Minotaurs appeared as early as DL6: "Dragons of Ice" (1985), but they really got their chance to shine when the Companions went east, starting in DL9: "Dragons of Deceit" (1985). Their homelands of Kothas and Mithas were very briefly spotlighted in DL12: "Dragons of Faith" (1986), with Mithas getting even more attention in DL16: "World of Krynn" (1988). With all that said, it wasn't actually the minotaurs of Ansalon who first became famous in Dragonlance, but rather the minotaurs of Taladas who premiered in Time of the Dragon (1989) and later got their own sourcebook, Taladas: The Minotaurs (1992). Minotaurs have also gotten a lot of attention in the novels, mostly thanks to Richard A. Knaak, author of Kaz the Minotaur (1990), Land of the Minotaurs (1996), and the Minotaur Wars trilogy (2003-2005)>

Ogres weren't originally intended to appear in Dragonlance at all. Tracy Hickman had introduced the draconians because he felt that ogres were overused. Nonetheless, ogres show up in minor roles as early as DL3: "Dragons of Hope" (1984). The race became more intriguing with the introduction of the Irda in Dragonlance Adventures (1987). This race of "high ogres" were a peaceful immortal race, later cursed and made evil. A novel called The Irda (1995) detailed them more, then they became a important force in Krynn in Dragons of Summer Flame (1995). Meanwhile, the lower ogres got their own sourcebook, Rise of the Titans (2000), at the end of the SAGA line.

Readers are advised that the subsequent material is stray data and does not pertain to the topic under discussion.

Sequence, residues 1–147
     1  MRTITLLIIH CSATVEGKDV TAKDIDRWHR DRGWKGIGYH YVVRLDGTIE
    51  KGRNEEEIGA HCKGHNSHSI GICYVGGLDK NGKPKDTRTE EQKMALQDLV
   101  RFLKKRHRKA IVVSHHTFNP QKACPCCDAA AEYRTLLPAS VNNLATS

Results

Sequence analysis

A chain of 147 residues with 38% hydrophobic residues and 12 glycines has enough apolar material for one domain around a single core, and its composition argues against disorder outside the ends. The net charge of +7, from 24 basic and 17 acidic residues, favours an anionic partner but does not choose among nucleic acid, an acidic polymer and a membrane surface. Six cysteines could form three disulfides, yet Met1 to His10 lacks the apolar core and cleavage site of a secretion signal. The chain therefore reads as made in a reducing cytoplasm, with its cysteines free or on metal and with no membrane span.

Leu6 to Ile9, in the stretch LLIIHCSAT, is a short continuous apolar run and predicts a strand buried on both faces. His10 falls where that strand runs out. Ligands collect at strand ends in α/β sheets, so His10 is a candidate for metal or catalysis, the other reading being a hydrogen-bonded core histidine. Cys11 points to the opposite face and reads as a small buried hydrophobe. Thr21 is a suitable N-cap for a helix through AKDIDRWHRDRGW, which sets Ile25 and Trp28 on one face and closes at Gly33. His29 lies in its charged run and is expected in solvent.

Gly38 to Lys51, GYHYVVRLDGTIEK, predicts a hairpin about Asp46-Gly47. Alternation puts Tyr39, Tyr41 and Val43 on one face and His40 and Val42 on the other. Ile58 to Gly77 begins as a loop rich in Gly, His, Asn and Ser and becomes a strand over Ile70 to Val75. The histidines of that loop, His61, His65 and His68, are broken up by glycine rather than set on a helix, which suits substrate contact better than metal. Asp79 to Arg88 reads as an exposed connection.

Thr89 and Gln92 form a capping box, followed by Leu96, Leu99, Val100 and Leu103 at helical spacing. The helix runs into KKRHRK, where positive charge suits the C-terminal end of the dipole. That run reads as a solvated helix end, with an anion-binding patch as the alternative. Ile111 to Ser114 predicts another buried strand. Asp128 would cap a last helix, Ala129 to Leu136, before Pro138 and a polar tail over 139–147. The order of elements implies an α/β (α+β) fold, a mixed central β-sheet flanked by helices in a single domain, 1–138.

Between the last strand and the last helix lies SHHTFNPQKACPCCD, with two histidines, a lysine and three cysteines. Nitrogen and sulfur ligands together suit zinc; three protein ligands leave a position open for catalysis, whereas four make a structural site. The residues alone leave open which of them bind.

Leftovers for Dinner. Races of Ansalon also includes information on The Golden Hammers, a knightly organization of dwarves that had been cut from Knightly Orders of Ansalon. Another knightly organization, the Elven Windriders, was also moved from Knightly Orders … but didn't fit here either! It was released as "Bonus Material" in a free PDF.

About the Creators. As with many of Sovereign's Dragonlance books, a wide array of creators worked on Races of Ansalon. Cam Banks, Sean Macdonald, Clark Valentine, and Trampas Whiteman did most of the work, but additional design was done by Jamie Chambers, Sean Everette, Ben Jacobson, André LaRoche, Joe Mashuga, Ashe Potter, Jean Rabe, and Scott Williams.

About the Product Historian

The history of this product was researched and written by Shannon Appelcline, the editor-in-chief of RPGnet and the author of Designers & Dragons - a history of the roleplaying industry told one company at a time. Please feel free to mail corrections, comments, and additions to